As student journalists increasingly arm themselves with mobile phones for multimedia newsgathering in the field, more may find themselves on a collision course with local authorities unenthusiastic about having their actions captured in living color.

A reminder of that comes in the pending criminal trial of Pennsylvania photojournalism student Ian Van Kuyk, arrested earlier this spring while shooting a routine traffic stop. That case and others like it also spotlight how important is for journalism educators to make sure student journalists know their rights and how to stand up for them.

Van Kuyk, a Temple University film and media arts major fulfilling an assignment for his photojournalism course, was reportedly left bloody and bruised after being arrested mid-March while taking pictures of police at a routine traffic stop outside his home in Philadelphia. He was arraigned on criminal charges April 16 and faces trial June 13.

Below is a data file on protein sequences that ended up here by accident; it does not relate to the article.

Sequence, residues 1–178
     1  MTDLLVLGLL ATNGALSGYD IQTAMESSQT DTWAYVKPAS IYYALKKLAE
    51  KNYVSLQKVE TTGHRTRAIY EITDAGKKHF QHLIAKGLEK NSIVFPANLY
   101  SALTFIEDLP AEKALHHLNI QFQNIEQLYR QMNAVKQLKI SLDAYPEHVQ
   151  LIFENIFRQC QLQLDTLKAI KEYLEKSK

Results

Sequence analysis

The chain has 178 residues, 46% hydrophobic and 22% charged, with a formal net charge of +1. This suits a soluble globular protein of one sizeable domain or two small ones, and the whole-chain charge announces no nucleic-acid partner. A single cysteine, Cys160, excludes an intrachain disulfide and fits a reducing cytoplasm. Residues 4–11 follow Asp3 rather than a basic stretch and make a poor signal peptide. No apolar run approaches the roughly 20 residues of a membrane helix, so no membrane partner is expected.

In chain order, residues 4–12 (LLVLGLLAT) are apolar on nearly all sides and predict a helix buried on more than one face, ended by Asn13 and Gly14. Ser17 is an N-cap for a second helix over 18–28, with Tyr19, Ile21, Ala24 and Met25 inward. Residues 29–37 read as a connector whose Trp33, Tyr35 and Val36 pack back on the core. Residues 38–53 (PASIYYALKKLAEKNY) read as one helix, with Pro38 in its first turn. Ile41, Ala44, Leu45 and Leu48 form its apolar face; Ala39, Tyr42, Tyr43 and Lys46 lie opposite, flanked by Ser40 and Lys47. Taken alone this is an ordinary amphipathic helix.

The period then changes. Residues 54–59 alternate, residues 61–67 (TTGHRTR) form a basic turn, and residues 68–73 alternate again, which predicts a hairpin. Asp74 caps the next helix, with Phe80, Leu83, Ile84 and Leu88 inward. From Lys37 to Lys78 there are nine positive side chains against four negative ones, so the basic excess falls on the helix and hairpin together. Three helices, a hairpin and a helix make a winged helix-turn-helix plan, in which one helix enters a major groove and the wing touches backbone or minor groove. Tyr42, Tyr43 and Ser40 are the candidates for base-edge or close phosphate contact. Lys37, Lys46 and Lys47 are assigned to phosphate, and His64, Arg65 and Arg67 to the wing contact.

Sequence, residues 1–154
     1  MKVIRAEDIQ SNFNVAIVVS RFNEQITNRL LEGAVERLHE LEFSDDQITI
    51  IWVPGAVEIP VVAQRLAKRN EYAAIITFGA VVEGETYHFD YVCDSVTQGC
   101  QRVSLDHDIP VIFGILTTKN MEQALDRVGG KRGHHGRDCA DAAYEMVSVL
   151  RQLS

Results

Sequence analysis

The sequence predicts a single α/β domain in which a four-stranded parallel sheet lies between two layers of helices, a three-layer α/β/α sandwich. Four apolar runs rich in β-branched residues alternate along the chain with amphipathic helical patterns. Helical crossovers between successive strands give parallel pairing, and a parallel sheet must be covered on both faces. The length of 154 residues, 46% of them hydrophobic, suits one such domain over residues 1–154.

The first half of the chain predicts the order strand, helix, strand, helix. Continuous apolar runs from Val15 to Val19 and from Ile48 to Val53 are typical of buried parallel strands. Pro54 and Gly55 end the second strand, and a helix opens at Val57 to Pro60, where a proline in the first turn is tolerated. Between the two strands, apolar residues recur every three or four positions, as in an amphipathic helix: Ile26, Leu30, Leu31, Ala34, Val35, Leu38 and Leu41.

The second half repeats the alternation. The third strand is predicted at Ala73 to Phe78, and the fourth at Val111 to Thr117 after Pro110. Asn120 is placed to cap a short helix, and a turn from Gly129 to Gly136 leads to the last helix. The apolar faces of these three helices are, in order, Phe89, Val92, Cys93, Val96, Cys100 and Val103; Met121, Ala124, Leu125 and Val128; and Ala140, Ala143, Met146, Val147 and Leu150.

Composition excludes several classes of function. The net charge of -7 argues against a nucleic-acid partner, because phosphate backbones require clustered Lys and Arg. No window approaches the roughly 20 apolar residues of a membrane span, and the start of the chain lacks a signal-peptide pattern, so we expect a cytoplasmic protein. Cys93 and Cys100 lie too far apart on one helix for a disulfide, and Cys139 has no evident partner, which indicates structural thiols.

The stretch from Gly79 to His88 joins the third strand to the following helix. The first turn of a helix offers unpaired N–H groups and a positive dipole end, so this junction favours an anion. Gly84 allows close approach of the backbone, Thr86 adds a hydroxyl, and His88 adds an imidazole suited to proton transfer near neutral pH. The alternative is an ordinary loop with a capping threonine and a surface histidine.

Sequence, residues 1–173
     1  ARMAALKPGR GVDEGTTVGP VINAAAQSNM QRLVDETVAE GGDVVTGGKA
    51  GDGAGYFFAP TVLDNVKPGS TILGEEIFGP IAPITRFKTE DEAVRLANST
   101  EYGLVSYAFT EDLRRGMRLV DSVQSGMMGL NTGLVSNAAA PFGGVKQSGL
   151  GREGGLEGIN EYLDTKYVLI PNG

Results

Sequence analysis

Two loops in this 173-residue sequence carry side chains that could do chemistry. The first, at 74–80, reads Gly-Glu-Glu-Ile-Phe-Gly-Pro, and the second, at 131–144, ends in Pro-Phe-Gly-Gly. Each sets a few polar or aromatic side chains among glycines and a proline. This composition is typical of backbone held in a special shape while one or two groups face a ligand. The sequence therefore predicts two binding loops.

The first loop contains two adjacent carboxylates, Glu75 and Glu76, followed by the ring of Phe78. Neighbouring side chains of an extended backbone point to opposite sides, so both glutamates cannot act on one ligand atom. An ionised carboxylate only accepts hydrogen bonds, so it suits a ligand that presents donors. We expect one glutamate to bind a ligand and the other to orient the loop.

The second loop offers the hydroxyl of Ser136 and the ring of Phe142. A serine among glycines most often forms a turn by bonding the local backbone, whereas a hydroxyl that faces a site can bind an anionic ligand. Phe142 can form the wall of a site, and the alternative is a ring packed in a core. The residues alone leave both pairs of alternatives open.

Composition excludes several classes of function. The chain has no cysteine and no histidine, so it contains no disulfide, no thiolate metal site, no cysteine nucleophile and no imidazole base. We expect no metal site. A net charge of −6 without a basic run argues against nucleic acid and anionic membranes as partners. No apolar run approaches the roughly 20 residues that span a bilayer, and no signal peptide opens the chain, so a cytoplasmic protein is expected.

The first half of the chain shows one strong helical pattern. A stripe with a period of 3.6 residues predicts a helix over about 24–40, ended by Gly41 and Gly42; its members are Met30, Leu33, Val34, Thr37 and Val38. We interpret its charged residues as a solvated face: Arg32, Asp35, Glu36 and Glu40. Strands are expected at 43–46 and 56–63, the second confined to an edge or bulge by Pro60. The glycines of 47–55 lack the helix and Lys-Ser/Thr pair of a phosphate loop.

The case has drawn the attention of free speech advocates such as the American Civil Liberties Union (ACLU), according to the Student Press Law Center, or SPLC. The general counsel of the National Press Photographers Association wrote in protest to the Philadelphia police commissioner: “There is no excuse for your officers to intentionally disregard a citizen’s right to photograph an event occurring in a public place.”

And in a piece in Philly.com, Larry Atkins, a lawyer, journalism professor at Temple, and member of the First Amendment Committee of the American Society of Journalists and Authors, wrote that “while the public should be respectful of police and refrain from interfering with their work, officers must not harass citizens engaging in First Amendment-protected activity. The public has a right to photograph police activities in public spaces, and police officers must respect that right.”